The Namibian government is very resolute and committed to redress this situation and my office also identified this as a key issue. You will remember that during the Covid-19 crisis in our region and the subsequent unfortunate fire which ravaged the former Twaloloka, now Otweya, in July last year, the Namibian government through Cabinet introduced the decongestion strategy of the informal settlements and backyard shacks. My office therefore started to engage local authorities in the region to set aside land for the construction of housing to decongest. Together with our line ministry (Ministry of Urban and Rural Development), the Walvis Bay municipality and stakeholders such as the Ministry of Works and Transport and the Shack Dwellers Federation, we have started to oversee the servicing of land and the construction of 121 houses in Otweya. These houses are scheduled to be completed by the end of April 2021.
I must say that after a lengthy planning this exercise has started culminating in me constructing one house from floor to roof height in one day, through my office’s Think Big Erongo Community service initiative. My office has also engaged the industry partners especially the fishing and mining sectors, which have committed themselves to invest in housing for their respective employees as part of the overall decongestion strategy. We are now at the level of engaging the different local authorities in the region, to provide land. Local authorities in Swakopmund, Karibib, Henties Bay, Omaruru and Usakos are also busy implementing the decongestion strategy, but not at the level of Otweya, which was declared a disaster risk area with full government support, but within their own means.
LH: How can residents of the mighty Erongo region make productive contributions to the rest of the country?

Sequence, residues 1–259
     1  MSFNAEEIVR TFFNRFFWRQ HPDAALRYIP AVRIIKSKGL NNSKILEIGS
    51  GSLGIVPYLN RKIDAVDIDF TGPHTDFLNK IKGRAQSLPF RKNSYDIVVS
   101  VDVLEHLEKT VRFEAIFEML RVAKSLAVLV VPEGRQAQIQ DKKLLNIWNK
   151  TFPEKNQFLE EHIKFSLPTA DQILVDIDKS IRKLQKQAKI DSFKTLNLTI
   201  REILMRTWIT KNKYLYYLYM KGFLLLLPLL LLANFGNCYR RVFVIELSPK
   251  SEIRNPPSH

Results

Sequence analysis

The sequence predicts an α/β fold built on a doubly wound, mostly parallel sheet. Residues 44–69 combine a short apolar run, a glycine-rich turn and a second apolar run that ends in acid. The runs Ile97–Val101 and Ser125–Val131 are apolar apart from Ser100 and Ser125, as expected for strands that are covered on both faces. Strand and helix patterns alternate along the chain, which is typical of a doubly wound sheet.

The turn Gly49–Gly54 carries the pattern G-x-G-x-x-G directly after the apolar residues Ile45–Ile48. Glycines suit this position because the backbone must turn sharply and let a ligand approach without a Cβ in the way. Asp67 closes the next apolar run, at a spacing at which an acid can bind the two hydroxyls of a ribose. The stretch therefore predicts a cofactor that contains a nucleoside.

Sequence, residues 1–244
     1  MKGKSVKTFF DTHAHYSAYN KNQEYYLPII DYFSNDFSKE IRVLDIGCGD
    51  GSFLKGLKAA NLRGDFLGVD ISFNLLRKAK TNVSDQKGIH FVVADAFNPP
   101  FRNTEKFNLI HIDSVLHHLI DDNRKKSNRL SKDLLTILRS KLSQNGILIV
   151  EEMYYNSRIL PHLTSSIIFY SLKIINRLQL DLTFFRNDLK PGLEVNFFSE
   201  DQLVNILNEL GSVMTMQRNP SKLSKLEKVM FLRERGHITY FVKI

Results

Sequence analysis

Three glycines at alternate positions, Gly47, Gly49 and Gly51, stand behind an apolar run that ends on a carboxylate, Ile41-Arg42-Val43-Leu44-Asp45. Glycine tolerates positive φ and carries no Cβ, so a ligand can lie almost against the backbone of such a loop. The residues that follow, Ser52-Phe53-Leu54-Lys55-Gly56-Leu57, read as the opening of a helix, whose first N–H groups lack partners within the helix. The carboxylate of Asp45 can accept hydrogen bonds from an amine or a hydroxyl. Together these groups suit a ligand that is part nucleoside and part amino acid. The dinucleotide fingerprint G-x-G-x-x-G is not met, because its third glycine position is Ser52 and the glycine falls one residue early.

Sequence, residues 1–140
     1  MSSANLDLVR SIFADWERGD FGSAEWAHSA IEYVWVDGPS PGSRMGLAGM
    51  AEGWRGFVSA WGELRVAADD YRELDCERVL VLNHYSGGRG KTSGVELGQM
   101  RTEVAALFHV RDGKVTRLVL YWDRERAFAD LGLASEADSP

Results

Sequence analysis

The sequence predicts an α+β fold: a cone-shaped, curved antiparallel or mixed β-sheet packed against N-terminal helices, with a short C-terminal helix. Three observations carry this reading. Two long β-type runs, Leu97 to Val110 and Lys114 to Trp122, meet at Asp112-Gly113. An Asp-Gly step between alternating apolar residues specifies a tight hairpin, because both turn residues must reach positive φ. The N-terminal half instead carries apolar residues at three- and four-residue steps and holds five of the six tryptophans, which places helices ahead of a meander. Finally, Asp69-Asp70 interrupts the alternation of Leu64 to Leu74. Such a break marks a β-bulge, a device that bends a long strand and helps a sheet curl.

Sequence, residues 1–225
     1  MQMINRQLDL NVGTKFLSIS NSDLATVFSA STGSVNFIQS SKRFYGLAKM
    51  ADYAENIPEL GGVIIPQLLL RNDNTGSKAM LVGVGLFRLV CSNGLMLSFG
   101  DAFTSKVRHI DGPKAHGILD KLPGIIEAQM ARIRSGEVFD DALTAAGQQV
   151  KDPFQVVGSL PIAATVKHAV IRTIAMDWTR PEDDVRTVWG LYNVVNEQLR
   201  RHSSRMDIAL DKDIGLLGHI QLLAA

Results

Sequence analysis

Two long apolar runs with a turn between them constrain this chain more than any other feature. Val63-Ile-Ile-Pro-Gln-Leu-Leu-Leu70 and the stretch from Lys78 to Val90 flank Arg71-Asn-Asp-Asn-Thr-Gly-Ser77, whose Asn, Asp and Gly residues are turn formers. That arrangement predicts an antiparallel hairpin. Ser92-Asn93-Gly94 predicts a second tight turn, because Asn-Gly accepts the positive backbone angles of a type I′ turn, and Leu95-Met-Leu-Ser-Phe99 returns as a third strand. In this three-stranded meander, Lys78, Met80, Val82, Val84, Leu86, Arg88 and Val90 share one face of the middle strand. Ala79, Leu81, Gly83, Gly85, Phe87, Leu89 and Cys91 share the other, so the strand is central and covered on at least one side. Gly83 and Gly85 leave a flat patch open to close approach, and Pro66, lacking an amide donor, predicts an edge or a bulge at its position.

AN: Our experiences coupled with the active participation of stakeholders, particularly during our Covid-19 experience, is just but one example of how the Erongo region can contribute to how the rest of the country can prepare their responses and the setting up of an institution such as the emergency operational centre, which is very pragmatic in planning and executing plans. In this regard we have developed a tool kit which we shared with all other 13 regional governorse and this is the approach we will undertake going forward in development planning and regional and local economic development planning.
Some residents of our region continue to play critical roles in the boards of state-owned enterprises, in government ministries, in the private sector and in the sporting and educational spheres. Since taking over as governor I have been very pragmatic and results-orientated, as a result I have launched the Erongo Think Big initiative, which is to encourage voluntarism in order to ensure community involvement and participation in all development programmes in the region – I sincerely hope that Think Big Erongo will be a catalyst for future community and development initiatives in the region which can be emulated throughout the country.
Whilst the idea is still in its infancy, we believe that if it takes off, it can be emulated in other regions of the country, to ensure accelerated and quality service delivery and community development.